A few grafs which set it up and then define the battlefield. First, the setup:
....I did not think that Sohrab had all that much to say directly about the man who provided him with the title of his essay, but then I am not, so to speak, a French man. I have never met Pastor French, rarely read him, and generally feel about him the way C. K. Dexter Haven in The Philadelphia Story felt about George Kitteridge, man of the people: “to hardly know him is to know him well.”
Now the meat of the matter:
...Together with Rousseau, Mill supplied nearly all of the arguments and most of the emotional weather—the texture of sentiment—that have gone into defining the liberal vision of the world. His peculiar brand of utilitarianism—a cake of Benthamite hedonism glazed with Wordsworthian sentimentality—accounts for part of Mill’s appeal: it provides a perfect recipe for embellishing programmatic shallowness with a cosmetic patina of spirituality. It is a recipe that has proven to be irresistible to those infatuated with the spectacle of their own virtue.
Mill was exceptionally adroit at appealing to his readers’ moral vanity. When he spoke (as he was always speaking) of “persons of decided mental superiority” he made it seem as though he might actually be speaking about them. Mill said that there was “no reason that all human existence should be constructed on some one or some small number of patterns.” Quite right! Even if persons of genius are always likely to be “a small minority,” still we must “preserve the soil in which they grow.” Consequently, people have a duty to shun custom and nurture their individual “self-development” if they are not to jeopardize “their fair share of happiness” and the “mental, moral, and aesthetic stature of which their nature is capable.”...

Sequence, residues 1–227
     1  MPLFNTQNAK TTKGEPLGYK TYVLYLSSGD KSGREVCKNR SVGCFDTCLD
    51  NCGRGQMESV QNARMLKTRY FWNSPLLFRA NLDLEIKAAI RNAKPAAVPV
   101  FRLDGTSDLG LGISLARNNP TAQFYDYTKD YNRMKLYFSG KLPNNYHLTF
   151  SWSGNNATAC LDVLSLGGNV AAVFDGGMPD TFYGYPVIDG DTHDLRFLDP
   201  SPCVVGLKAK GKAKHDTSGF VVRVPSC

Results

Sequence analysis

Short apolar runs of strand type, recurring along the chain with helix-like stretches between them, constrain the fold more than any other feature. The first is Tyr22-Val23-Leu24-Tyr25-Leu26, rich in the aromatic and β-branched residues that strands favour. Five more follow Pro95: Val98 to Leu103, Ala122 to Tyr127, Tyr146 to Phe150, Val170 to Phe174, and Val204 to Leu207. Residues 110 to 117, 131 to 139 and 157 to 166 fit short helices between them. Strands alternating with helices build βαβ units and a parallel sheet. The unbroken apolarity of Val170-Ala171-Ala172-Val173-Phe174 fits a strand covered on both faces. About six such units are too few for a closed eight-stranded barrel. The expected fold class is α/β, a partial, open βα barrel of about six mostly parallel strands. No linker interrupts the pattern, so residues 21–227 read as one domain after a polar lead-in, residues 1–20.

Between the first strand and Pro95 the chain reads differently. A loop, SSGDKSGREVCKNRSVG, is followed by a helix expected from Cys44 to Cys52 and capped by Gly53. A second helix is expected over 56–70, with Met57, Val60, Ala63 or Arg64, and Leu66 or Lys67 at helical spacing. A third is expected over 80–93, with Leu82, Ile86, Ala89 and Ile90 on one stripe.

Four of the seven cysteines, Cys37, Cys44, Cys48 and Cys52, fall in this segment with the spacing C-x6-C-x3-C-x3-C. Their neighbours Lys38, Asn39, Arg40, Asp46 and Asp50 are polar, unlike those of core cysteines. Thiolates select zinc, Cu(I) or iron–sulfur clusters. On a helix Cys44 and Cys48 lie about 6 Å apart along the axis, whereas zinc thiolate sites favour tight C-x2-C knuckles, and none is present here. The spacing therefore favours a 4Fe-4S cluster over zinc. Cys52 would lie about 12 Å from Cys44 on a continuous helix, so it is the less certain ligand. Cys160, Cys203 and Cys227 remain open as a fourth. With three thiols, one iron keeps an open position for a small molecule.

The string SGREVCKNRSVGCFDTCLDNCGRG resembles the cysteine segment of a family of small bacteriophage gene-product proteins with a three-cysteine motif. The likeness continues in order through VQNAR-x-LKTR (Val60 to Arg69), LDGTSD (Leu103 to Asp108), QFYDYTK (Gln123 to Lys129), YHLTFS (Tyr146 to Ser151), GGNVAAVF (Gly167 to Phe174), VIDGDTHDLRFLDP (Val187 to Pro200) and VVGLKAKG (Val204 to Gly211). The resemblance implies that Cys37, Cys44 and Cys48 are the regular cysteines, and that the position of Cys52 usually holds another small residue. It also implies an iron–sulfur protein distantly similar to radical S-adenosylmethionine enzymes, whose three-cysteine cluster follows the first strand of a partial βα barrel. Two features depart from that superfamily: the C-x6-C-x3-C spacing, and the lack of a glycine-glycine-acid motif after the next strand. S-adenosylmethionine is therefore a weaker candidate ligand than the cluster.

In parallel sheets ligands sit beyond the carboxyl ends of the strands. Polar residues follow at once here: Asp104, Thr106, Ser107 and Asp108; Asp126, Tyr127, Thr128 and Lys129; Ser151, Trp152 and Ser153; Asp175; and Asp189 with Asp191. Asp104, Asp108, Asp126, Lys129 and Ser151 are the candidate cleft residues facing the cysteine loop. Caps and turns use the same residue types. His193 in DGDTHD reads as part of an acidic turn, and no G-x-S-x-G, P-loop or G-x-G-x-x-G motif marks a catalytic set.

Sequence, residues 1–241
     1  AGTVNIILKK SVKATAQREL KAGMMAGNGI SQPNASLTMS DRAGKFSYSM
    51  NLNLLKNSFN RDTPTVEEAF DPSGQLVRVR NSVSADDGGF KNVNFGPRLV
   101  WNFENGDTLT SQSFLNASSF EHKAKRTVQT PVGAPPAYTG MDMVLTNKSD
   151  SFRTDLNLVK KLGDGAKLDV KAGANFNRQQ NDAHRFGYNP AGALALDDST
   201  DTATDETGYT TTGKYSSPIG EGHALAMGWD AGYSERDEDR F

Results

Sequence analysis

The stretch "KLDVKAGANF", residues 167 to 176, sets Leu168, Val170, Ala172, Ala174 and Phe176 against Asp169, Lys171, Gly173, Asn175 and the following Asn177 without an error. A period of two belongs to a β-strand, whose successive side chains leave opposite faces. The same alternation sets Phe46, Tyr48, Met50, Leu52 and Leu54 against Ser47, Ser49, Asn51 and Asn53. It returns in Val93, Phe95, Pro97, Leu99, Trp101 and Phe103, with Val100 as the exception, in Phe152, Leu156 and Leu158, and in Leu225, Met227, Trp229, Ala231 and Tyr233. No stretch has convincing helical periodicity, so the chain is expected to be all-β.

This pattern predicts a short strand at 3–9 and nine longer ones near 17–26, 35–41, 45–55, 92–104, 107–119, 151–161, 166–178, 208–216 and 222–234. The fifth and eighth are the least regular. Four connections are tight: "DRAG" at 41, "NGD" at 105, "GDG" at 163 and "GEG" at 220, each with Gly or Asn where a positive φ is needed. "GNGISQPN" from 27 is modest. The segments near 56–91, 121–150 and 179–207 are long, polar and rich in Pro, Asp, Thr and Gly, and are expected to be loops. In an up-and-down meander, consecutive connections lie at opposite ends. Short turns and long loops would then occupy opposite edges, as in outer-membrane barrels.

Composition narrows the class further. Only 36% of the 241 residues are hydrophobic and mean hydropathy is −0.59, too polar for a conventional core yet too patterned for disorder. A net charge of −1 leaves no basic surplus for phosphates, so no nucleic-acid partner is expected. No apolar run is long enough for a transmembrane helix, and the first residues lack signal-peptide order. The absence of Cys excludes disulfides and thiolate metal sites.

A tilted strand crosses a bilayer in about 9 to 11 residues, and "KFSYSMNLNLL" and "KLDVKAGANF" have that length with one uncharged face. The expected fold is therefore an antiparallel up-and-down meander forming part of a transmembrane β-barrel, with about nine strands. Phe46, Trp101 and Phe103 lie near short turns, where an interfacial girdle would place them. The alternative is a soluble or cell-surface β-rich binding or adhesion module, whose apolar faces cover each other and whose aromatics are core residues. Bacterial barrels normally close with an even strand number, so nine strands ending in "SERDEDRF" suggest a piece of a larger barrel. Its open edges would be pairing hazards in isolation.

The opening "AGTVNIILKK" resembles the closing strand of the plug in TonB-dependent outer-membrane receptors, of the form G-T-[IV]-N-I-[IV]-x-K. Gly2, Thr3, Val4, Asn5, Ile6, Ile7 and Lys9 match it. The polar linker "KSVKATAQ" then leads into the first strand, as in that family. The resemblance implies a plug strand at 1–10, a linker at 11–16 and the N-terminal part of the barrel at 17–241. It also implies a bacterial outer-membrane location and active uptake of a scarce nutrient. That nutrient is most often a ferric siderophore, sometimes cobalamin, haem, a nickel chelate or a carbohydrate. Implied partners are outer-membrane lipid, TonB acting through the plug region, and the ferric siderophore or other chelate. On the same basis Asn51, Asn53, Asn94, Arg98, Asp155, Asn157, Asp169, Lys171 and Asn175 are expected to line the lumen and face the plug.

Doesn't take much imagination to see "City Class/Establishment" figures placing themselves squarely within Mill's 'decided mental superiority' group, does it? (We could add Federal judges just for fun, too.)
What's underplayed here is this: it's not exclusively a Republican in-house battle. This one includes Democrats. Trump (and Hagedorn) succeeded in Wisconsin because "Reagan Democrats" voted for them. The same intra-party battle is also shaping the Democrat nomination race--frankly, it's why Biden sits on top with almost no effort on his part. The majority of Democrat stalwarts think Bernie, AOC, Warren, Buttigieg, Harris (et al) are wackos or Cloud People, or both. Biden seems more 'normal,' (right, wrong, or otherwise.)
...Mill constantly castigated such things as the “magical influence of custom” (“magical” being a negative epithet for Mill), the “despotism of custom [that] is everywhere the standing hindrance to human advancement,” the “tyranny of opinion” that makes it so difficult for “the progressive principle” to flourish. According to Mill, the “greater part of the world has, properly speaking, no history because the sway of custom has been complete.”
Such passages reveal the core of moral arrogance inhabiting Mill’s liberalism....
In other words, Mill (and Bentham, by the way) stood--with Rousseau and the French Revolutionaries--against every single thing espoused by Edmund Burke and Catholicism--even in the Catholic-variants/heresies established by Luther and Henry VIII.
Fuggedabout "Never-Trump-ism" here. The battle is NOT about Trump, who is all fine-and-dandy with Liberal goalposts such as gay marriage, serial adultery, gun-grabbing, and unlimited Government deficits, albeit he DOES have a number of redeeming qualities.
This battle is about what remains of Western Civilization, the Catholic-begotten culture which just happens to have provided more men with more wealth and more opportunity than any other culture on Earth. But FAR more important, it provides man with a goal: heaven, if he can earn it.
As Kimball puts it, this is an 'existential' battle. He said a mouthful.